Finally, the new Mexican bank will likely receive sustained regulatory scrutiny, particularly during its first few years of operations, in addition to the ongoing efforts the new bank will face in order to comply with all applicable laws and regulations and inspections from the relevant banking authorities.

Authorities may visit the bank's operations frequently, test its processes and the feasibility of its IT infrastructure, interview its people and possibly impose fines for violations. During this period, legal counsel can be particularly helpful in knowing when and how to comply with regulatory requests. Often, the most effective approach can be to propose creative solutions to the Mexican authorities or craft persuasive arguments based on careful analysis of a particular project and its likely impact. Prepare in advance to be flexible and adapt.


Asia-based financial institutions should consider having employees located in New York—or other US offices—lead the efforts to set up and run operations for a new bank subsidiary in Mexico.

US bank personnel of an Asia-based financial institution can draw from several similarities to launch a Mexican subsidiary, including:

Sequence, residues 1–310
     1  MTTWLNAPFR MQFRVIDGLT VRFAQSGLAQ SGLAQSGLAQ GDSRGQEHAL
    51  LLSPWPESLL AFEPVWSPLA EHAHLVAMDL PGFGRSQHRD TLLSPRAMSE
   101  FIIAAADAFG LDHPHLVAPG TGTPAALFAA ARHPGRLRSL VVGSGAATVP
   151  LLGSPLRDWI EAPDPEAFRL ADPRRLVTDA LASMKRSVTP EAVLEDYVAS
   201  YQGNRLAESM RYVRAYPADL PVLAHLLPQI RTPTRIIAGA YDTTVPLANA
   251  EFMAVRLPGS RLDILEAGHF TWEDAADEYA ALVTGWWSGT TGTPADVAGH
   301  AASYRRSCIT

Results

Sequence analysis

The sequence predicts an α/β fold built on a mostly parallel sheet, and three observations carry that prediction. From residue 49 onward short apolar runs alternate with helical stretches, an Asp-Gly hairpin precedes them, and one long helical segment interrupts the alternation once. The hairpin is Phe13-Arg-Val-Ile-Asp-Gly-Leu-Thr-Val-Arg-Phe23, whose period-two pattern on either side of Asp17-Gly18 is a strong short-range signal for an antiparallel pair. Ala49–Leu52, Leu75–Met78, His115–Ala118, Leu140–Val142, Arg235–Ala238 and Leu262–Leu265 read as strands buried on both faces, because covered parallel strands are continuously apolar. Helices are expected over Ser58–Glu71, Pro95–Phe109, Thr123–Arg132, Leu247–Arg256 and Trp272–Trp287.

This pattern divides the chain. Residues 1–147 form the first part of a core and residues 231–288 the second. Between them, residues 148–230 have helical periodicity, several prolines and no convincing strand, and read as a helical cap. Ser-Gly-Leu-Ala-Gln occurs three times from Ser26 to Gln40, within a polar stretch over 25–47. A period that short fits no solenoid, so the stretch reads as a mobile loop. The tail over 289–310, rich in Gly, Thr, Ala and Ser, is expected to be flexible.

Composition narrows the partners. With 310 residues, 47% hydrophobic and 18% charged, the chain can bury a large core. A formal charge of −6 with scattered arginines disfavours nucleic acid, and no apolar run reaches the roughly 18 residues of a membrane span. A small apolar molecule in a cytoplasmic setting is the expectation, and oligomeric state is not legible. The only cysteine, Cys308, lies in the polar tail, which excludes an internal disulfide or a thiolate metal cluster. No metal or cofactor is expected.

Regulatory experience
Many Asian banks that establish operations in Mexico had previously undertaken a relatively similar process to first enter the US financial markets. Employees who are already experienced in navigating regulatory pitfalls and complying with capital requirements and other legal issues in the US can often apply that experience while adapting it to enter Mexican markets.

Time zone proximity
Responding rapidly to requests for information from Mexican authorities and conducting telephone meetings, when necessary, with Mexico is more efficient for individuals who work in North American time zones.

Overlapping customer base
An Asian bank's Mexican subsidiary very likely will serve many of the same customers as its US subsidiary. Corporate clients that conduct manufacturing operations in Mexico are likely to provide related warranty operations, marketing and other services in the US and Canada. Seamless banking service for customers who straddle borders can help maintain strong relationships with those customers.